Before you get all excited about the possibility of Apple’s popular iTunes music service moving into the cloud space, have you considered the possible implications of just how much this is going to change the overall digital music landscape?
Ever since the news last week of Apple buying Lala, everyone and their brother seems to have immediately jumped to the conclusion that Apple is going to move its iTunes music store into cloud computing. This seems like a pretty logical conclusion, but there are numerous questions that arise from such a move for Apple, and some of them could have a pretty profound impact on how you interact with your music collection.
The main question that everyone is asking is how much the service will cost. Under Lala you could listen to a song once for free, and then you could pay $.10 for unlimited streaming of the tune from any Web connected computer. While everyone seems to be assuming that Apple will follow this same path and remove the need to ever download iTunes to your computer again, or even the files, one has to ask what will happen to the tens of millions of older style iPods out there?
iPod Classics, iPod Nanos, iPod Shuffles even the now dead iPod Mini, are all built around synchronizing with your music collection which is located somewhere physically on your computer. While everyone is saying, “Wow, we’ll free up all that hard drive space and never have to worry about having all those files on our system again!”, you have to wonder what those people will say the first time they go to refresh their iPod playlists. Sorry folks, but not all of us are carrying iPhones which means we do not have constant Apple approved access to the Internet at all times. Even iPod Touch owners have to be in range of Wi-Fi, and do you really think Apple is going to tell all those millions of non-iPhone customers that they are out of luck? Doubtful.
One of the biggest questions that immediately leapt out to me was what would we do with our existing collections? I have a collection of nearly 160 GBs of music; if there is no longer a desktop iTunes app as so many people are assuming, what would I do to access that music? Lala used to allow you to “store” up to 5,000 songs on their site which was basically “we see you have this in your collection, we will let you stream it from us.” Will Apple follow this idea or do I get to start all over? I highly doubt that either of these will be the final solution.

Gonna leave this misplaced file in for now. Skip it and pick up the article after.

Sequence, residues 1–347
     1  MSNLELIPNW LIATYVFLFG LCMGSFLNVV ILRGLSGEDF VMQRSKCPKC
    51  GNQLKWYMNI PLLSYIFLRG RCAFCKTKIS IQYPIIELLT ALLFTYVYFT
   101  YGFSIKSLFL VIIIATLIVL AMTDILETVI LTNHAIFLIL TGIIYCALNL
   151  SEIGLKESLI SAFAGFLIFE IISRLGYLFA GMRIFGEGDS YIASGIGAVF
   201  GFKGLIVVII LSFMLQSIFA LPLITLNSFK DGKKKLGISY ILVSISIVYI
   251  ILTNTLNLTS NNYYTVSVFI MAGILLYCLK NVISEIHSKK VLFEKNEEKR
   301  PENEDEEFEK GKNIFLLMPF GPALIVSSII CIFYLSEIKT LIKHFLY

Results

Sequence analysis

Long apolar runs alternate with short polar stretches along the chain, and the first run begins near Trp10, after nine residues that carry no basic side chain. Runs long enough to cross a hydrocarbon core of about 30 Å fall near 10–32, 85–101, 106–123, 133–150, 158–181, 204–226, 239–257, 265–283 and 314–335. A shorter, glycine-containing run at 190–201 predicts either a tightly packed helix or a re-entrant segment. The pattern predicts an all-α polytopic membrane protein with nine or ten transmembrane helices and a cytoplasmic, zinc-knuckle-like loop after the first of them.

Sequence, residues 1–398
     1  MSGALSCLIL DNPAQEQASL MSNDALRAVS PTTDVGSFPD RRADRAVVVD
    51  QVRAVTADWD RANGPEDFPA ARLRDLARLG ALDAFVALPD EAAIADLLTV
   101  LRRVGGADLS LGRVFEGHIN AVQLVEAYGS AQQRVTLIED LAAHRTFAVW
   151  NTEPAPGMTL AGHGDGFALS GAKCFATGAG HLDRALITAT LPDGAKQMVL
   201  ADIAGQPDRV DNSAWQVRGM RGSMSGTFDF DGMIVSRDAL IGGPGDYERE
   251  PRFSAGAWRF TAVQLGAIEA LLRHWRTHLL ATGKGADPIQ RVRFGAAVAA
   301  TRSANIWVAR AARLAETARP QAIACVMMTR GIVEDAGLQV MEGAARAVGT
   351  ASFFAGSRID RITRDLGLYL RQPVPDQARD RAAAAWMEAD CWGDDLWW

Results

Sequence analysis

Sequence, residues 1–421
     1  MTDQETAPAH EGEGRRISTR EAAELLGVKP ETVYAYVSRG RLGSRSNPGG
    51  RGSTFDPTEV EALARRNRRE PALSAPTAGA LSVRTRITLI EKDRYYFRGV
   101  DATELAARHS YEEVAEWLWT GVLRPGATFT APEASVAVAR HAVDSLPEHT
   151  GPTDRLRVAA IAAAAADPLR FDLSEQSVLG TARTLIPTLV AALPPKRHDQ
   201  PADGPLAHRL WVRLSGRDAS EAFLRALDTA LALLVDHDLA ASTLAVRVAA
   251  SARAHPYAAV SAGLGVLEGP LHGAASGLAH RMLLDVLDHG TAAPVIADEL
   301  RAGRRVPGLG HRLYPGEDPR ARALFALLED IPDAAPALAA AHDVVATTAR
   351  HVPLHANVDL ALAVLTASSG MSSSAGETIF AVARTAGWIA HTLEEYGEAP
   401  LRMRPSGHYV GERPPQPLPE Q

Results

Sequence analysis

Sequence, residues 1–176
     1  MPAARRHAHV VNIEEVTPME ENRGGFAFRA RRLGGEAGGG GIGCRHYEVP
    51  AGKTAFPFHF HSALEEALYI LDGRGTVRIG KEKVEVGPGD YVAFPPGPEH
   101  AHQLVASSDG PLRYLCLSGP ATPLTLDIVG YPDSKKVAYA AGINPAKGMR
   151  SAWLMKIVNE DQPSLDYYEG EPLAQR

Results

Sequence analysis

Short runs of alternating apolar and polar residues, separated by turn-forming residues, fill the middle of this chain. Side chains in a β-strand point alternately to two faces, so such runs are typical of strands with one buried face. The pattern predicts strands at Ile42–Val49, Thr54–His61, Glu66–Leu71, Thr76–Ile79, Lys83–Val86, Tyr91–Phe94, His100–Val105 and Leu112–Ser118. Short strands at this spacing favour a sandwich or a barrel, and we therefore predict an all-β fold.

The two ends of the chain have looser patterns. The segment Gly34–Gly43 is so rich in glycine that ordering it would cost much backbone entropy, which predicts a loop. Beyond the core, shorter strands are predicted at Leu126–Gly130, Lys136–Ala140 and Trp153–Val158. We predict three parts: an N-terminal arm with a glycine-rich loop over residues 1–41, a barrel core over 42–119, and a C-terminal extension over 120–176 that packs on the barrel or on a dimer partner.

Also, don’t forget, Apple is on target to sell $2 billion worth of music this year, and is now the number one music retailer in the country having surpassed Walmart last year. Is Apple, as well as the record labels, going to allow that to go away for the ability to sell the rights to stream music for $.10 a song? Again, another doubtful possibility.
One of the final questions I have is quite possibly the scariest of them all: Who will own this music? Lets say Apple goes cloud only, and we pay for the right to stream a bunch of music. Something changes at Apple, it decides this is a failed concept and it no longer wants to support it. A switch is flipped, the Cloud iTunes is shut down and … you no longer have “your” music. You have no backed up files, you have no access to what you paid for, you are left with essentially nothing. Sure there would be lawsuits, but what would it matter? You never owned the music, you merely had the “right” to listen to it. And believe me, somewhere in that user license that you never read would be a clause where they could do this.
Basically it’s fun to think that we will no longer be tied to the desktop for all of our music, but I think the number one thing stopping this en masse move to the cloud for iTunes that has everyone going gaga is all of those legacy iPods. Steve Jobs, CEO of Apple, would be insane to go on stage in his signature black turtleneck and say, “We’ve moved everything into the cloud and you will no longer be able to sync music at all … thanks for the hundreds of millions of dollars you gave us!”
This simply is not going to happen.
There is every possibility that iTunes may move into the cloud, but if it does, I envision a hybrid between the desktop and the cloud, it is not going to be an all or nothing move. The industry is just not ready for this. Apple isn’t going to sacrifice the sales of music, iPod hardware and so on to squeeze you all for $.10 a song. This is Apple, folks, it’s going to get as much money out of you as possible.